Expectant mothers on SSRIs risk newborns with high blood pressure in the lungs
[PRESS RELEASE 13 January 2012] Mothers who take SSRI anti-depressants during pregnancy are more likely to give birth to children with high blood pressure in the lungs, so called persistent pulmonary hypertension. This according to a study lead by researchers at Karolinska Institutet, and now published in the British Medical Journal (BMJ).
The study's authors acknowledge that the figures are small and that the risks of persistent pulmonary hypertension was as low as three infants per 1000 exposed with similar risks between the assessed drugs, but if an anti-depressant was taken in late pregnancy the risk seems to be more than doubled in comparison with non-exposed cases. In conclusion, caution was advised when treating pregnant women with SSRIs.
Persistent pulmonary hypertension is a condition with high blood pressure in the lungs leading to difficulties in breathing. It is a rare, but severe disease with strong links to heart failure.
The study, carried out by researchers from the five Nordic countries at the Centre for Pharmacoepidemiology at Karolinska Institutet, looked at 1.6 million births in total between 1996 and 2007 in babies born after 231 days (33 weeks) in Denmark, Finland, Iceland, Norway and Sweden. A total of 1,618,255 singleton births were included in the study. Approximately 11,000 of the mothers filled out a prescription for anti-depressants in late pregnancy and approximately 17,000 in early pregnancy. A further 54,184 mothers were identified as having previously undergone psychiatric diagnosis but were not currently taking any medication. The uses of several drugs were analysed which included fluoxetine, citalopram, paroxetine, sertraline, fluvoxamine and escitalopram.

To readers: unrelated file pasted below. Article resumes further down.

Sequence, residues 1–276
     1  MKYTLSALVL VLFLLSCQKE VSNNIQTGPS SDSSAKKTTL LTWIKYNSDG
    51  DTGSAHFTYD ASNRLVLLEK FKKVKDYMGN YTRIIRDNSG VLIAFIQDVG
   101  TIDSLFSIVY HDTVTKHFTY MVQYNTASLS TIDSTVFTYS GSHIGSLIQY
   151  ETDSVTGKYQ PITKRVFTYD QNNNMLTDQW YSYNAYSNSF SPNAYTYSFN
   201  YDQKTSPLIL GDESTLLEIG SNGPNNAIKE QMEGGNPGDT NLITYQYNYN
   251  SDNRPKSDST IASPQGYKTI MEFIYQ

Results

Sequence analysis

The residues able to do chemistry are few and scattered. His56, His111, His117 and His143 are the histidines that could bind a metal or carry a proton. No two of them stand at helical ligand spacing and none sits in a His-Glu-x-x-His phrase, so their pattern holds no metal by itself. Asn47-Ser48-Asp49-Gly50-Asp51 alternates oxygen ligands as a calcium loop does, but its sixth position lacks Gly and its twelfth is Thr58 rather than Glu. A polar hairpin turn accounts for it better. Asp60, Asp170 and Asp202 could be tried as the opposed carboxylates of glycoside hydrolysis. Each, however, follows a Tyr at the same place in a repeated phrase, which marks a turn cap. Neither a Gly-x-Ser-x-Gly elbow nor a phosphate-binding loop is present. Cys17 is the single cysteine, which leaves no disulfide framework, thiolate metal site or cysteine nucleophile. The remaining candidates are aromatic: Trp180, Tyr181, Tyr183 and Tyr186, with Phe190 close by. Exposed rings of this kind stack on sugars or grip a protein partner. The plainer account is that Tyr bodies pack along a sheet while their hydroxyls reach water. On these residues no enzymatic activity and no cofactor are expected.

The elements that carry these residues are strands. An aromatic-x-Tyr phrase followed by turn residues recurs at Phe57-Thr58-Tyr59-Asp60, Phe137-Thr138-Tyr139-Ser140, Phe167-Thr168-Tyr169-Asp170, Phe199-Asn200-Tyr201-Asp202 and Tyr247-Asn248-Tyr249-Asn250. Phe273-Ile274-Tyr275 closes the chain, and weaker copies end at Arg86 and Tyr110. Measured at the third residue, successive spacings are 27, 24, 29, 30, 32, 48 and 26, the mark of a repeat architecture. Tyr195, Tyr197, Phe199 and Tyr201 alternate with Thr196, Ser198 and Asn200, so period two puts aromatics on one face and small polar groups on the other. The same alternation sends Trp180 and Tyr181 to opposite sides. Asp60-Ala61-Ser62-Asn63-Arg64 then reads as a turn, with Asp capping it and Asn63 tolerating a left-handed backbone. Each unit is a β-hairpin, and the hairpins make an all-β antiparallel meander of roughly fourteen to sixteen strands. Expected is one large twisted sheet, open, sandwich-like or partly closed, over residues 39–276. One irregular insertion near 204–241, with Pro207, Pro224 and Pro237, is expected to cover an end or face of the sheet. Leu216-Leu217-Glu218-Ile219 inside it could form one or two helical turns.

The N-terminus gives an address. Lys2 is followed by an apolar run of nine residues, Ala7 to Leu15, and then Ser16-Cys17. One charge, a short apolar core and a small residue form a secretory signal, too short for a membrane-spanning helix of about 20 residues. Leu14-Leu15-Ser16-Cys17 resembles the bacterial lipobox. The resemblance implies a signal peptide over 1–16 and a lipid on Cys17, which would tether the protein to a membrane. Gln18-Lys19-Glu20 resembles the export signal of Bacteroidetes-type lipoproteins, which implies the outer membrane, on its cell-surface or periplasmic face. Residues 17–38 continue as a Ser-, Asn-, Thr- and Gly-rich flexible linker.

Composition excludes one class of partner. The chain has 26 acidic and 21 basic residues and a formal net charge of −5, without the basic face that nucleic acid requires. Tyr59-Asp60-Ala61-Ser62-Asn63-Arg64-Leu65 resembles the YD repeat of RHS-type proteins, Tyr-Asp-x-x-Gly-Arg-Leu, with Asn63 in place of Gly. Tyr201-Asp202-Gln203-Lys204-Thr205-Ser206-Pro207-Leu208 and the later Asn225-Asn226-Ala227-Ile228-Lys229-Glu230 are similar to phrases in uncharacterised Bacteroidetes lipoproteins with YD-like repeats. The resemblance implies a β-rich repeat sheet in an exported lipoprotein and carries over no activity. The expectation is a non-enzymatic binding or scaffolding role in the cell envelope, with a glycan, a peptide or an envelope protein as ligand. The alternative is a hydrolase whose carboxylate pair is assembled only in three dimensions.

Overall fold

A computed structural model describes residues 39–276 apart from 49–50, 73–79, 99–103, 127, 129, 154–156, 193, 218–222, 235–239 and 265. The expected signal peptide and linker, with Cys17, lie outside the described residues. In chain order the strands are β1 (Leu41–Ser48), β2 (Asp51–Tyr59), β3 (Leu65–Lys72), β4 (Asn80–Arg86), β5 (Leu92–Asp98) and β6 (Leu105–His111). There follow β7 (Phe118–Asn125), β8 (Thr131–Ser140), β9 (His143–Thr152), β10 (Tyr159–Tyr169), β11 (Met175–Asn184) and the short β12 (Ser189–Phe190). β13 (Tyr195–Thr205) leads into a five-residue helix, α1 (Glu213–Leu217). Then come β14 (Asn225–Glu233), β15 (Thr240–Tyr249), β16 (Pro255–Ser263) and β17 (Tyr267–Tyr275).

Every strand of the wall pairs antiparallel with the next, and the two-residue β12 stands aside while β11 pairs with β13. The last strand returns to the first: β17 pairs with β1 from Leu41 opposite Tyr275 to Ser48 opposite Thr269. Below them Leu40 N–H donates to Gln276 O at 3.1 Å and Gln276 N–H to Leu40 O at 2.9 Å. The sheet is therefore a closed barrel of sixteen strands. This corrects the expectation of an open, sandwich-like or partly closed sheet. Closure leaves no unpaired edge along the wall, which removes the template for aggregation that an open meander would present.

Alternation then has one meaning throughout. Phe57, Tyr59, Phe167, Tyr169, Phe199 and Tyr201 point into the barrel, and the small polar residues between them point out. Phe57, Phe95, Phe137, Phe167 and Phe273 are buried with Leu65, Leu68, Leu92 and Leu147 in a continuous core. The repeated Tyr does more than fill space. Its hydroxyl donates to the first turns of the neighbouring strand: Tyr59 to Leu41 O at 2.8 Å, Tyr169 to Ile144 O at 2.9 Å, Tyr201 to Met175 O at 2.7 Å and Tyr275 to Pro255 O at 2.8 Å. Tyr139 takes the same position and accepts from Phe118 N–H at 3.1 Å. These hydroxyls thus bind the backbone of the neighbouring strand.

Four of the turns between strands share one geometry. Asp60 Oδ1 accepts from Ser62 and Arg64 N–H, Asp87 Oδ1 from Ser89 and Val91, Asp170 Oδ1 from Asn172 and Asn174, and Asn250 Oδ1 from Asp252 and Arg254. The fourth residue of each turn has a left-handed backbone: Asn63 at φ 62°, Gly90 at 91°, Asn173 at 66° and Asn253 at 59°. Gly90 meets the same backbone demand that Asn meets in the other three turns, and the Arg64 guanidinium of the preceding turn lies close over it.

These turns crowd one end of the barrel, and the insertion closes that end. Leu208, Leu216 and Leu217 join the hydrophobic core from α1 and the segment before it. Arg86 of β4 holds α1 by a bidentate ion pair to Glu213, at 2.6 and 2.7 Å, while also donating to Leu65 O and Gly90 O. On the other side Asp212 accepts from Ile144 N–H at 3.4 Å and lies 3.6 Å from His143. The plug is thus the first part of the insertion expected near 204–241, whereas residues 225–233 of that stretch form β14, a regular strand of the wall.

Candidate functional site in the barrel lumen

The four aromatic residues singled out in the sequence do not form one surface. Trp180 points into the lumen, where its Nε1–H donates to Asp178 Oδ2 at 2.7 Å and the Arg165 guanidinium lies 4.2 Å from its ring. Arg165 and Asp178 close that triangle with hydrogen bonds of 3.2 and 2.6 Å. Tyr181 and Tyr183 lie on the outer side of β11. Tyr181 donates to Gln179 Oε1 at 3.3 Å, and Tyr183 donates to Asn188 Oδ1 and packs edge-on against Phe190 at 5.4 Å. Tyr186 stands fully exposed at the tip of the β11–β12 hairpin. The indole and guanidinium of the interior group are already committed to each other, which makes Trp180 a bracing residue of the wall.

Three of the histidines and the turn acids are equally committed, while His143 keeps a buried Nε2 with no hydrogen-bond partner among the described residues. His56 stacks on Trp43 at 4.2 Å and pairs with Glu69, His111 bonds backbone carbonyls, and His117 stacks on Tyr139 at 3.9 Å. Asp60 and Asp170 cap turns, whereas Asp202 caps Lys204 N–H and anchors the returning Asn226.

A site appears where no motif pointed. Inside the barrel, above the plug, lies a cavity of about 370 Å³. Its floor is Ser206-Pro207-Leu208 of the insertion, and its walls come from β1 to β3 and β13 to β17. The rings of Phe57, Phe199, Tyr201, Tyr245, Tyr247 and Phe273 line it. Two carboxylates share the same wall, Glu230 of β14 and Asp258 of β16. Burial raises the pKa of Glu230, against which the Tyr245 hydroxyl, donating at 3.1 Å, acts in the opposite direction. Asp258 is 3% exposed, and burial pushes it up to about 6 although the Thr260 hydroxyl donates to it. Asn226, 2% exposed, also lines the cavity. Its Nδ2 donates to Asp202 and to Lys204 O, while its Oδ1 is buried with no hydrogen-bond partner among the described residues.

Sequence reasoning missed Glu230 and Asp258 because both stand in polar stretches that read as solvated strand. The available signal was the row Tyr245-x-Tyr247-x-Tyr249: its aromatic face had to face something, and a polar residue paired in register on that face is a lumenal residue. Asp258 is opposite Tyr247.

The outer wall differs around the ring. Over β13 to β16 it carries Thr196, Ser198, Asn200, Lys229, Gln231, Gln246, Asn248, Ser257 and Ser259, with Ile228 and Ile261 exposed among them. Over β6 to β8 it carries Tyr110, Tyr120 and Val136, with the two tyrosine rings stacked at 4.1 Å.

The study's results found that out of 11,014 mothers who used anti-depressants in late pregnancy just 33 babies (0.2%) were born with persistent pulmonary hypertension and out of 17,053 mothers who used anti-depressant drugs in early pregnancy, just 32 babies (less than 0.2%) were diagnosed with persistent pulmonary hypertension. A total of 114 babies whose mothers had previously been diagnosed with a mental illness were found to be suffering from the disease.
Selective serotonin reuptake inhibitors during pregnancy and risk of persistent pulmonary hypertension in the newborn; population based cohort study from the five Nordic countries
BMJ, online open access 12 January 2012, doi: 10.1136/bmj.d8012